A transfer can always stall and take a very long time to complete. A server can basically always just stop delivering more data, making the transfer take an infinite amount of time to complete. Applications that have not set any options to stop such a transfer risk doing a transfer that never ends. An endless transfer.
Also: if libcurl makes a transfer over a really fast network, such as localhost or using a super fast local network, then it might also reach the same level of busy-loop due to never having to wait for data. Albeit for a limited amount of time – until the transfer is complete. This busy-loop is highly unlikely to actually starve out any important threads in a system.
Yes, a closed connection is a much “cheaper” attack from server’s point of view than maintaining a long-living connection, but the cost of the attack is not a factor here.
Where in this grey area do we land?
This is difficult one.
I can see the point of the reporter, but I can also see how this flaw will basically not hurt any existing curl user. Where is our responsibility here?
I ended up concluding that this issue not a security vulnerability. The reporter disagreed.
It is a terribly annoying bug for sure. But the only applications that are seriously affected by it, are the ones that already allow an endless transfer.
The bug-fix was instead submitted as a normal pull-request: PR 8644, targeted to be fixed and included in the pending curl 7.83.0 release.
We publicize the reports after the fact
We make all (non-rubbish) previously reported hackerone issues public, whether they ended up being a vulnerability or not. To give everyone involved time to object or redact sensitive details, the publication date is usually within a month after the issue was closed.
By making the reports public, we allow everyone interested enough the ability and chance to check out and follow past discussions and deliberations for going the directions we did. The idea is primarily to be completely open about the reported issues and how we classify them, to show that we are not hiding anything and it also provides a chance for us to get more feedback from the surrounding and from security people who might disagree with previous analyses.
On March 16 2022, the curl security team received an email in which the reporter highlighted an Apple web page. What can you tell us about this?
I hadn’t seen it before. On this page with the title “About the security content of macOS Monterey 12.3”, said to have been published just two days prior, Apple mentions recent package upgrades and the page lists a bunch of products and what security fixes that were done for them in this update. Among the many products listed, curl is mentioned.
This is what the curl section of the page looked like:
In the curl project we always make all CVEs public with as much detail as we can possibly extract and provide about them. We take great pride in being the best in class in security flaw information and transparency.
Apple listed four CVE fixed. The three first IDs we immediately recognized from the curl security page. The last one however, was a surprise. What was that?
This is not a CVE published by the curl project. The curl project has in fact not shipped any CVE at all in 2022 (yet) so that’s easy to spot. When we looked at the MITRE registration for the ID, it also didn’t disclose any clues really. Not that it was expected to. It did show it was created on January 5 though, so it wasn’t completely new.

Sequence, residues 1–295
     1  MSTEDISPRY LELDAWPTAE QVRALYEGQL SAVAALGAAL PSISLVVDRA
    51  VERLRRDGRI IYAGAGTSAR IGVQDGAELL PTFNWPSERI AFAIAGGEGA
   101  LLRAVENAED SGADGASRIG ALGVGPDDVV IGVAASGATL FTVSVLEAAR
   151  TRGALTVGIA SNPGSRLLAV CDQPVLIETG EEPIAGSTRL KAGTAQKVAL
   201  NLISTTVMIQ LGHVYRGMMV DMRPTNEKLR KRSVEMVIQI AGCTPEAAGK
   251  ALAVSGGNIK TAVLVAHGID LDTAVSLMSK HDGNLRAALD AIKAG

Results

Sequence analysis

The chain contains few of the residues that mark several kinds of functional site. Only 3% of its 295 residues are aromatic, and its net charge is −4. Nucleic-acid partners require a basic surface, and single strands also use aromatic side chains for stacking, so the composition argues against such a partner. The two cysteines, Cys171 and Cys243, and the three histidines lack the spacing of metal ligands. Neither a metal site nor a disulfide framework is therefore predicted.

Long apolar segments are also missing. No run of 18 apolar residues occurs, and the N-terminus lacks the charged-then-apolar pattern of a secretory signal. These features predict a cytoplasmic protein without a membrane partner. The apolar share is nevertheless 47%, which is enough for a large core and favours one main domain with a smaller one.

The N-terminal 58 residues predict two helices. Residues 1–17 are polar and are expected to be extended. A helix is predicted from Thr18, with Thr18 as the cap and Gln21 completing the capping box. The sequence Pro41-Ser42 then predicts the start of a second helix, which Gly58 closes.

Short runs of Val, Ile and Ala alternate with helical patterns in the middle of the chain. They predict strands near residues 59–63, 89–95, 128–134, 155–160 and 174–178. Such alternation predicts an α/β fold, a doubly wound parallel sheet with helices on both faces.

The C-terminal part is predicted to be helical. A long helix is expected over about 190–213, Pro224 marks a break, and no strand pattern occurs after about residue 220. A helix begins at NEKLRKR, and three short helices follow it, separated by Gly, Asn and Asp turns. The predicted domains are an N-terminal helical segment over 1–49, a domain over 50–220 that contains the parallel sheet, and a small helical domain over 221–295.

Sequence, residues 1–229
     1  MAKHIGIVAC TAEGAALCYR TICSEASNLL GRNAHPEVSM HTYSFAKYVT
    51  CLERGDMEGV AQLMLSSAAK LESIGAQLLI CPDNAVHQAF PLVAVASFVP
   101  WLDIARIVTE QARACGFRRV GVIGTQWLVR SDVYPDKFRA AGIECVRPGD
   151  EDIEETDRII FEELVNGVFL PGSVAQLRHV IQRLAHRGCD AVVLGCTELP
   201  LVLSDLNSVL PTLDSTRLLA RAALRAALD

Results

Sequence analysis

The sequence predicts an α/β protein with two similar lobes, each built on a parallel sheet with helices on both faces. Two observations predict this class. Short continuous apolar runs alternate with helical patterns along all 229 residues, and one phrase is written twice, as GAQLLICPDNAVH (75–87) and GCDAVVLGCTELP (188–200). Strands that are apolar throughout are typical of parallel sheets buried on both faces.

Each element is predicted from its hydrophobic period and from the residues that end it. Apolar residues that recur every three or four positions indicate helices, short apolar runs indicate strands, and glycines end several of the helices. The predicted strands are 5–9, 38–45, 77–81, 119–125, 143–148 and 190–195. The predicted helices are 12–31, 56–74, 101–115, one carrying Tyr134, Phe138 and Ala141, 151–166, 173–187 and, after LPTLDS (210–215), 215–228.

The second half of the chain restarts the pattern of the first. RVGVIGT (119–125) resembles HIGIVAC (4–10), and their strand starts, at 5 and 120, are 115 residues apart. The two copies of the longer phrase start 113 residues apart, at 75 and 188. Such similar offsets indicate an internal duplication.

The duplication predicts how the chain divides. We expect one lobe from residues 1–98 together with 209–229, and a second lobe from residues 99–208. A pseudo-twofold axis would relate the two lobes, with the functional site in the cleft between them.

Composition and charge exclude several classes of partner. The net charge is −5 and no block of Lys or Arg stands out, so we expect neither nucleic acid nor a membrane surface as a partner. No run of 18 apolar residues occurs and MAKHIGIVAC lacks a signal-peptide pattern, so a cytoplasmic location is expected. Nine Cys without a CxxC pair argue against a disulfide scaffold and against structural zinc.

Was it a typo?
I compared this number to other recent CVE numbers announced from curl and I laid eyes on CVE-2021-22923 which had just two digits changed. Did they perhaps mean that CVE?
The only “problem” with that CVE is that it was in regards to Metalink and I don’t think Apple ever shipped their curl package with metalink support so therefore they wouldn’t have fixed a Metalink problem. So probably not a typo for that number at least!
I reached out to a friend at Apple as well with an email to Apple Product Security.
Security is our number one priority
In the curl project, we take security seriously. The news that there might be a security problem in curl that we haven’t been told about and that looks like it was about to get public sooner or later was of course somewhat alarming and something we just needed to get to the bottom of. It was also slightly disappointing that a large vendor and packager of curl since over 20 years would go about it this way and jab this into our back.
No source code
Apple has not made the source code for their macOS 12.3 version and the packages they use in there public, so there was no way for us to run diffs or anything to check for the exact modifications that this claimed fix would’ve resulted in.
Apple said so
Several “security websites” (the quotes are there to indicate that clearly these sites are more security in the name than in reality) immediately posted details about this “vulnerability”. Some of them with CVSS scores and CWE numbers , explaining how this problem can hurt users. Obviously completely made up since none of that info was made available by any first party sources anywhere. Not from Apple and not from the curl project. If you now did a web search on that CVE number, several of the top search results linked to such sites providing details – obviously made up from thin air.
As I think these sites don’t add much value to humanity, I won’t link to them here but instead I will show you a screenshot from such an article to show you what a made up CVE number posted by Apple can make people claim:
At 23:28 (my time zone) on the 17th, my Apple friend responded saying they had forwarded the issue to “the right team”.